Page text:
John Helem... Bouncer
Clyde Heal ... Reporter
Hugh Ashmore ... Religious Editor
Coy Compton ... Cartoonist
The office force of the paper put out for the benefit of the barracks of Battery B while stationed at St. Nazarre, France.
Harvey, Smith and Small Just some C.A.C. kids my grandfather knew.
Sat. Nov. 9, 1918
Latest latrine dope:
Castillion, France. Near our "Cow Stalls" (Tent camp) July, Aug., Sept., Oct., 1918.
Why do non-coms eat first?
Three fourths of the Battery got drunk thinking peace had been declared and now are broke and won't be able to celebrate if it's declared this month. Tough on the boys?
Gun section numbers sure deserves to be called the stevedore bunch.
Who can talk to a French girl who eats garlic?
How to make 60 franks do till next pay and also get x-mas presents sure is some job believe me.
The fourth and fifth gun sections voted that the barn not be used as a garage anymore as some fool honks the cars all hours of the nite.
Those Camp ... boys kept us awake with their barrage.
The boys of the barn have the ... at the chateau ... and now call themselves hard-boiled.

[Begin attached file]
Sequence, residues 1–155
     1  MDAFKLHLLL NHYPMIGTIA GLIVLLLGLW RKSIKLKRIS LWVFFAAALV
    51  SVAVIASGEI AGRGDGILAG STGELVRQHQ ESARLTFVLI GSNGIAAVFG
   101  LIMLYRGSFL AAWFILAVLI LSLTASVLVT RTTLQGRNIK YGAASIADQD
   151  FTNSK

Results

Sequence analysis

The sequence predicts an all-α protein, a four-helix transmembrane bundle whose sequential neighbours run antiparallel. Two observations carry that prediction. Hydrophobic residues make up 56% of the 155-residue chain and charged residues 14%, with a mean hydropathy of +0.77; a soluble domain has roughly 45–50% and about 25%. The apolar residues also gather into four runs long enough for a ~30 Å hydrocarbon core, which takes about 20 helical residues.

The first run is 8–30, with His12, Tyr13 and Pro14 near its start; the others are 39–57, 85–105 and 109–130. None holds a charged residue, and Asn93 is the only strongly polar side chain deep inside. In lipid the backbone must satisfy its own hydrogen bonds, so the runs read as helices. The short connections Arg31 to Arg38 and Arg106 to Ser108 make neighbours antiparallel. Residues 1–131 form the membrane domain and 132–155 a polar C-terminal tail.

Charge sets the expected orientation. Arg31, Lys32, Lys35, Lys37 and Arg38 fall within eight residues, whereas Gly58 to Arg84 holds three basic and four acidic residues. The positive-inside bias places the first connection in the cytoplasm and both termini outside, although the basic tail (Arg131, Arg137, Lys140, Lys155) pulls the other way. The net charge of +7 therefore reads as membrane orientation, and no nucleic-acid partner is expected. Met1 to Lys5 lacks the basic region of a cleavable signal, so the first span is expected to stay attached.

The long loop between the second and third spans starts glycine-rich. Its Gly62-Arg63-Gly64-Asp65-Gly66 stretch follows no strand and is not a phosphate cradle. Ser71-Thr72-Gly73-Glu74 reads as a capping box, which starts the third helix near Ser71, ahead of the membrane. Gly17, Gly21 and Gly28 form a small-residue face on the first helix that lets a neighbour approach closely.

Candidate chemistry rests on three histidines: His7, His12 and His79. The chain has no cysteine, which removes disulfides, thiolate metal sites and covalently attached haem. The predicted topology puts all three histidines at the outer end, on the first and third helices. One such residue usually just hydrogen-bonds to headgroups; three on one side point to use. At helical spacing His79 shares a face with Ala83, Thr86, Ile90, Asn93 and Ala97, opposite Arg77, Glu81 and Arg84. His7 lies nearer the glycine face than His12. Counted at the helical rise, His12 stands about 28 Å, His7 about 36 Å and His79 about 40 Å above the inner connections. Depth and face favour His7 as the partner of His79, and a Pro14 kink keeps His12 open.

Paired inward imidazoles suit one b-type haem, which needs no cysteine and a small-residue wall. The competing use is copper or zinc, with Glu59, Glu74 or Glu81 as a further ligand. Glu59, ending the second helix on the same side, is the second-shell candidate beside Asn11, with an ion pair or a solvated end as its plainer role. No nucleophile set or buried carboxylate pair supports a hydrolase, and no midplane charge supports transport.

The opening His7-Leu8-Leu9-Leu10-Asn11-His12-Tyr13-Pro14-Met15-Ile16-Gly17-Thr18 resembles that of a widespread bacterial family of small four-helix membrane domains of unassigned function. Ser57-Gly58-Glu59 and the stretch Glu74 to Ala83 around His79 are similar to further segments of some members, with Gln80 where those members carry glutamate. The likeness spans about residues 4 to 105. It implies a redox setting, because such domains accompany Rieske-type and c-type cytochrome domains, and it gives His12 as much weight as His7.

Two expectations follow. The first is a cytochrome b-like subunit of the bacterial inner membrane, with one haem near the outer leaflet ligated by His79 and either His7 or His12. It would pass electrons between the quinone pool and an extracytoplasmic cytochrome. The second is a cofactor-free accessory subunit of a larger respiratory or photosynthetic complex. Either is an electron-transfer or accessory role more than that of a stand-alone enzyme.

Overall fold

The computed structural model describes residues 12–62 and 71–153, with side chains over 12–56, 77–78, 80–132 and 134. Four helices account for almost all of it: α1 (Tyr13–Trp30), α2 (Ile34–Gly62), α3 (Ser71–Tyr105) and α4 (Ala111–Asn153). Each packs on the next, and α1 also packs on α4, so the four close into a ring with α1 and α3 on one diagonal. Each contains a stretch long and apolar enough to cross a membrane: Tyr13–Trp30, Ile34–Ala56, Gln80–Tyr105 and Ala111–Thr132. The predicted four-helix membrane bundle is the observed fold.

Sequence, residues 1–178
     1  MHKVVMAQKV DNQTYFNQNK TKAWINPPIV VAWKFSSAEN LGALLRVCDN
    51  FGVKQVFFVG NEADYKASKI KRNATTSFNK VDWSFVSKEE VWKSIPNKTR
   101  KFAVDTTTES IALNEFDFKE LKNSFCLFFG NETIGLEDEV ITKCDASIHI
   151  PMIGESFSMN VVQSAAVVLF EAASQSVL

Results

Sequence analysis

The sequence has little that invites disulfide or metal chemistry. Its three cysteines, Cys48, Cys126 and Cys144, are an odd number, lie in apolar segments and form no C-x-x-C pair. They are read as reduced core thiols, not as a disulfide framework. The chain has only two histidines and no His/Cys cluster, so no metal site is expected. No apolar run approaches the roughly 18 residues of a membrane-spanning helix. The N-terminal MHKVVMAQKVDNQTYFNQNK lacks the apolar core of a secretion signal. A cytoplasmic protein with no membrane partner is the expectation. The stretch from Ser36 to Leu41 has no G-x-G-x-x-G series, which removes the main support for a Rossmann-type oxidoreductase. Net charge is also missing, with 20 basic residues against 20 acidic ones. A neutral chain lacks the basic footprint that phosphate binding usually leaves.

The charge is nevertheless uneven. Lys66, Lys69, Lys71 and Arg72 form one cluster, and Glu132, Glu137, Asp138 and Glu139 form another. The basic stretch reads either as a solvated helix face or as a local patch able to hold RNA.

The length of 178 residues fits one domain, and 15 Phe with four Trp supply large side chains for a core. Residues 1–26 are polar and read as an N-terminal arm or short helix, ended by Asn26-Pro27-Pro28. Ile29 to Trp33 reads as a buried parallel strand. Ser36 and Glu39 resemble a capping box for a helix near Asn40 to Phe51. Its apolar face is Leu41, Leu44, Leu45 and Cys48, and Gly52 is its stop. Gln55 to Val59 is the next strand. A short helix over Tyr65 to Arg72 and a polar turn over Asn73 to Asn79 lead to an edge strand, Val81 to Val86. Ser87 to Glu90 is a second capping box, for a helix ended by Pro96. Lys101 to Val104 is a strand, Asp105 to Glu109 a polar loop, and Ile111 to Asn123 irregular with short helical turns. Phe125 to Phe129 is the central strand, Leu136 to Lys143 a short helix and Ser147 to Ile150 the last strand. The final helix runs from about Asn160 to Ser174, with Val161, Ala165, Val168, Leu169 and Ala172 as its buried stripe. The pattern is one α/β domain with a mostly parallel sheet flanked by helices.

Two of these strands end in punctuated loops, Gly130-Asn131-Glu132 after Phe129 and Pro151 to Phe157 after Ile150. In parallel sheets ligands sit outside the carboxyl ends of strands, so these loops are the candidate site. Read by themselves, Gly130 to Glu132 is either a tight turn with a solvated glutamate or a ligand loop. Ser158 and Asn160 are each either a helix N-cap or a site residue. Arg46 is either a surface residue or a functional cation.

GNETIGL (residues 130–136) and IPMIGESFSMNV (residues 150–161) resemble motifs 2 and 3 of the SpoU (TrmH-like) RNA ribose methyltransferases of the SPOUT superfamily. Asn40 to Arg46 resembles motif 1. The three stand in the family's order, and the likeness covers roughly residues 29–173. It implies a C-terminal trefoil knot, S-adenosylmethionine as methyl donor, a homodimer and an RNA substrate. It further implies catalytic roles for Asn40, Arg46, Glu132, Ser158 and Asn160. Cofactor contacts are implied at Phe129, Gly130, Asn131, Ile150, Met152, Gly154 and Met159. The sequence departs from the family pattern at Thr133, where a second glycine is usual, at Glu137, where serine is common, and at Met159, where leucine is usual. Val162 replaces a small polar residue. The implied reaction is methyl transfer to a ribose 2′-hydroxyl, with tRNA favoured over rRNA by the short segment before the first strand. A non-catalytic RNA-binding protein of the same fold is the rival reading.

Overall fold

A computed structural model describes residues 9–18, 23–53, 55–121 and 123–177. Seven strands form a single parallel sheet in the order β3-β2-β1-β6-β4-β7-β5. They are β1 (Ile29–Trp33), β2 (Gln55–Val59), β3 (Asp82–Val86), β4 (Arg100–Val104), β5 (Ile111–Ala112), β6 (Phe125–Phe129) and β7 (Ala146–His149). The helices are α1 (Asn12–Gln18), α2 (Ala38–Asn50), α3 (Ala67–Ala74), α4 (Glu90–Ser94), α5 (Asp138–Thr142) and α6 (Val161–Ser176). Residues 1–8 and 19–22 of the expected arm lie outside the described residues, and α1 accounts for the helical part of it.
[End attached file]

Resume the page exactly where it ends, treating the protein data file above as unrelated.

The Battery extends its sympathies to Doug Green, Dave Caldr...W...Gaffney, ... Murphy and ... as these guys married while over here. Who is next? All are afraid.
A ... is a fellow who always wants to read you what the best girl in the world has to say.
Those niggers claimed to be American Indians and went with those French girls ... here.
Wanted: some one to wash clothes: Apply to Bert B. Price no consideration.
Who can wash his blue denims and let it rain on them and have them ready to wear next day. Captain take notice.
Who got the "Y" paper?
Who eats Carrots?
Who likes grits?
Bread and grits and grits and bread tomorrow. Some change.
Battery A dropped two shells and they did not go off. Some lucky crowd.
The latrine quartette has been broken up on account of the flu.
(***This could be an indication of the poison gas problem my grandfather and others ran into. My dad said that the doctors told them they had the flu and quarantined them for a short while until they determined what the cause of their symptoms were***).